Schools in COVID-19 hotspots triumph in ‘really tough’ yearDecember 30, 2020
Schools in Melbourne's COVID-19 hotspots that were hit with multiple and extended lockdowns this year have triumphed on VCE results day, with some bettering their 2019 results.
Keilor Downs College was forced to shut down on three separate occasions during Melbourne's second wave, losing 15 days of classes, but lifted its median study score from 29 to 30.
Mount Alexander College principal Dani Angelico with year 12 students returning to class at the end of Melbourne’s first wave of COVID-19.Credit:Jason South
Thirty is the recognised marker of an academically solid school.
Flemington's Mount Alexander College – which has about a dozen year 12 students who live in public housing towers that were forced into hard lockdown – achieved its best VCE results in several years, leaping from a median study score of 27 last year to 31.
Every student at the school who lives in the Flemington towers successfully completed their VCE or their VCAL, principal Dani Angelico said.
"They all passed, they all got through," Ms Angelico said.
"We had about 12 year 12s in hard lockdown. We were still able to help them.
"I mean, thank god for Zoom. Teachers were just going that extra mile, even after the hard lockdown ended, they were in daily contact."
The small government school's average ATAR has soared from about 51 in 2019 to 72, Ms Angelico said.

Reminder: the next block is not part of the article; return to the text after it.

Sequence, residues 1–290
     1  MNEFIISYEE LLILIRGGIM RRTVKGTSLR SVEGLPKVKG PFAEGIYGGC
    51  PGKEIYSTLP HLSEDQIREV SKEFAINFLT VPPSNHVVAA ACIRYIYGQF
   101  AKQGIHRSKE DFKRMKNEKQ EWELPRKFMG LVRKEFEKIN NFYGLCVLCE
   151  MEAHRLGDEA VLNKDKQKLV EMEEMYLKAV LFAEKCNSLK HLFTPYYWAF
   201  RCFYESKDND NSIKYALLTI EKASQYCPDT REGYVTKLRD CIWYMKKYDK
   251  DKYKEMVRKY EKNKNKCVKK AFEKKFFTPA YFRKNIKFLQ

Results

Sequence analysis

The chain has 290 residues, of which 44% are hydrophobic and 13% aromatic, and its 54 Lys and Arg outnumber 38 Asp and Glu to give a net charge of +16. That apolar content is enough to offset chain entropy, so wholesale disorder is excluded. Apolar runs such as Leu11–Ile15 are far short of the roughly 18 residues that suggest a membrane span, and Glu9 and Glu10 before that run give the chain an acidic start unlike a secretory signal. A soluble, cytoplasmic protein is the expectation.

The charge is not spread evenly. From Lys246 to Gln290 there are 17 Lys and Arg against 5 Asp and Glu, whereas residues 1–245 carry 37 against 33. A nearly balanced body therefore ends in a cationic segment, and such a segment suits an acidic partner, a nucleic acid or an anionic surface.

"It's a really wonderful way to end the year, as we know it's been really tough for year 12s," she said.
Sydenham CRC principal Brendan Watson with year 12 students Chloe Jenson, Sirin Mirham, Alicia Azzopardi and Lucas Blackman in May. Credit:Chris Hopkins
It also had to deal with a COVID-19 scare in term four, during which many members of the school were sent into quarantine as secondary contacts.
Principal Brendan Watson said he was relieved the year was over and that many students had done well, including a college dux with an ATAR of 97.25.
Eight per cent of the college's students got an ATAR of 90 or higher, Mr Watson said.
"We're extremely happy," he said. "Staff at school worked really hard in ensuring the students had opportunities through online learning, and all credit needs to go to the students for maintaining contact with their teachers; it was a year like no other."
The college has staff on-site today to help students who need to alter their university preferences and who did not get the results they were hoping for.
Mr Watson said it was important for students to remember their ATAR did not define them.
"Life can throw up a whole lot of things, but don't worry about the score, there are more pathways and every young person can find their way with support," Mr Watson said.
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